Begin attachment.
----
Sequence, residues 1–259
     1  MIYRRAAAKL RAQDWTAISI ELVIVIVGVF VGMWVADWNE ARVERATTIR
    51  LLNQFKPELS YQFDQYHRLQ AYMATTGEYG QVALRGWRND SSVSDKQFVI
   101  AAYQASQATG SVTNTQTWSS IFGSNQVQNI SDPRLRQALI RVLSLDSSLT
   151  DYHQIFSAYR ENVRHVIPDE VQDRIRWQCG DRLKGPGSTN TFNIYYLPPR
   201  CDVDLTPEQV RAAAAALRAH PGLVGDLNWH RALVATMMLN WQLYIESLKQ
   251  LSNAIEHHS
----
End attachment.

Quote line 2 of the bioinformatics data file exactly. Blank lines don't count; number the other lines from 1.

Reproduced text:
     1  MIYRRAAAKL RAQDWTAISI ELVIVIVGVF VGMWVADWNE ARVERATTIR